“The people united will never be defeated.
El pueblo unida jamás será vencido.”
In 1985 I was a rojita, or so I was called. My boyfriend, let’s call him “Doug,” and I were activists, volunteers for CISPES, the Committee in Solidarity With the People of El Salvador; we met at the Marxist School (aka, “Four Parts of the Movement”) Chorus in Manhattan. We were both students at Hunter College, actually Doug encouraged me to return to school after I’d take a few years off while living in Vermont. Doug organized a program at school focusing on the plight of minority Hungarians living in Ceausescu’s Romania. The main speaker was a Hungarian who had suffered repression under his regime. Old Hungarian villages had been bulldozed and many Romanians were forcibly moved to Transylvania to dilute the Hungarian population. It was said that the Romanian-Hungarian border was harder to cross than the Berlin Wall; Hungarians who visited family in Romania were held up for days to make sure they were not transporting Hungarian books or music. Hungarian children were not allowed to speak their language in school and were punished for doing so. Doug took this to heart, having a Romanian grandma, “Bubby,” who lived on the Lower East Side and made us wonderful blintzes and other specialty foods.
When I moved in with Doug on 96th Street in Spanish Harlem, I learned that the extent of his activism far surpassed my own. Most electrical appliances were banned from our household: no TV, no AC, no refrigerator. All for the sake of the environment, he said. We kept food on the window sill or the fire escape, except in the summer months; then we just bought food for the day. I abided by his rules, but I didn’t like them. The things we do for love.
Doug was a musician and I was studying German with a minor in Political Science. Without the distractions of TV, he said, we could do more music together and get more studying done. He was an early music and folk aficionado and we played guitar-recorder duets and I sang madrigals like “Flow My Tears” by John Dowland to his accompaniment on lute. I cherished these times.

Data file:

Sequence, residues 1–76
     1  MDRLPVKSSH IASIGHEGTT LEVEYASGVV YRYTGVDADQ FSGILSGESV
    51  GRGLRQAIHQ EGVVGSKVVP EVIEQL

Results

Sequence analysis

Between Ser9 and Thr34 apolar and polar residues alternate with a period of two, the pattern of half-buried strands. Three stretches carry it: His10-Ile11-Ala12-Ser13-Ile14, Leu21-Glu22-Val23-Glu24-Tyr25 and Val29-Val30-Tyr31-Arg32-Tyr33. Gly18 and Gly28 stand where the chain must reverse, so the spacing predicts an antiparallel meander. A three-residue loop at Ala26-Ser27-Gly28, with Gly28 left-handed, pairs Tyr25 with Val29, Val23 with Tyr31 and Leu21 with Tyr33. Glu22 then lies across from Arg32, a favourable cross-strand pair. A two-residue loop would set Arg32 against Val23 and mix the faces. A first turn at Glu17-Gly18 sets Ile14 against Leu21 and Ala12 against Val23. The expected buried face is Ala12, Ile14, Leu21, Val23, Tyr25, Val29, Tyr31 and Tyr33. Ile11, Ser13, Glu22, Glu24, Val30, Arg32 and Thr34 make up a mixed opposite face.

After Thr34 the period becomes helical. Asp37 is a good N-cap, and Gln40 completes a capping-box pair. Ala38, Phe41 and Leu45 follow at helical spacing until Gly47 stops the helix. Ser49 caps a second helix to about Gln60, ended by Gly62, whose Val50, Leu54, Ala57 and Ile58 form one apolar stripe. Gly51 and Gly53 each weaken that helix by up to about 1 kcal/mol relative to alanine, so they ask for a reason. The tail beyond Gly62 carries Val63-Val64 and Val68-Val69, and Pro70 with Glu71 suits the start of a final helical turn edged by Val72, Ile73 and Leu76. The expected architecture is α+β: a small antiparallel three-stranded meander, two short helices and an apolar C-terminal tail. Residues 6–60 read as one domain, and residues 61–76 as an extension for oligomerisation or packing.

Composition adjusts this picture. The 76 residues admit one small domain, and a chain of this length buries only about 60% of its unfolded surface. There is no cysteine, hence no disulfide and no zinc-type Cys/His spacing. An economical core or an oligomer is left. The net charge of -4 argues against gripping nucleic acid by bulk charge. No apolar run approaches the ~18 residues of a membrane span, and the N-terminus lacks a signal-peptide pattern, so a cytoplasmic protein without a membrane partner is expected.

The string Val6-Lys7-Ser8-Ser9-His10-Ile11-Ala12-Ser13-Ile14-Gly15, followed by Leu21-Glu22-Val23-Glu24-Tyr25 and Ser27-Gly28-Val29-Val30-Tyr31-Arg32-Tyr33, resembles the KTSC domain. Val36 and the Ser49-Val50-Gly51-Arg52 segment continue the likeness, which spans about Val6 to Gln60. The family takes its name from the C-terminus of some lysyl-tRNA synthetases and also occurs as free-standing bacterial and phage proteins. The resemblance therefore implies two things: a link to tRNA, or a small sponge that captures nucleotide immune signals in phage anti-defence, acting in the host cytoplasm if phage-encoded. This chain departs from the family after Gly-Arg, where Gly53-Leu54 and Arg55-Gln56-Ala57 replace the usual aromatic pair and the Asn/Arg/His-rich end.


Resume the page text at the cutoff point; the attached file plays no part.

Although TV was verboten, we were allowed to go to movies at the Film Forum, Angelika or Theatre 80 on St. Mark’s Place, where they showed mostly indies, foreign films and classics.
I got accustomed to life without TV, but never to the no-fridge policy. I understood the moral and environmental sanctity aspect of it: Freon in refrigerators and air conditioners used chlorofluorocarbons or CFCs and were infamous for greatly adding to the depletion of the earth's ozone shield, but on a 95- degree muggy summer day in our 5th floor apartment, I didn’t care. I spent extra time at the Hunter College library and café, basking in the splendor of the AC. I went to Key Food or D’Agostino and stood in front of open freezers, hoping the heavenly cool would carry me into the night.
I was madly in love with Doug and wanted to please him, to be as pure of spirit and as strict an environmentalist as he was, and I thought I was, but I never measured up. I lacked the purity of purpose, the zeal.
We had a tumultuous on-again, off-again relationship: he cheated on me twice, once while I was away in Switzerland teaching English for the summer, and the second time after we forced my mom out after a three-month stay (he invited her in the first place) and our sex life went south. He was open about his cheating, thinking it best to be honest, but it stabbed me like an icicle through the heart.
As soon as I moved out and into a studio apartment in the Bronx, I purchased a serious AC, plugged in the ample refrigerator and stocked it with fresh vegetables, fruit, milk, cheese and other perishable items. Gone were the days of curdled milk, shriveled oranges and green cheese. I shunned window sills and fire escapes, and blasted the TV.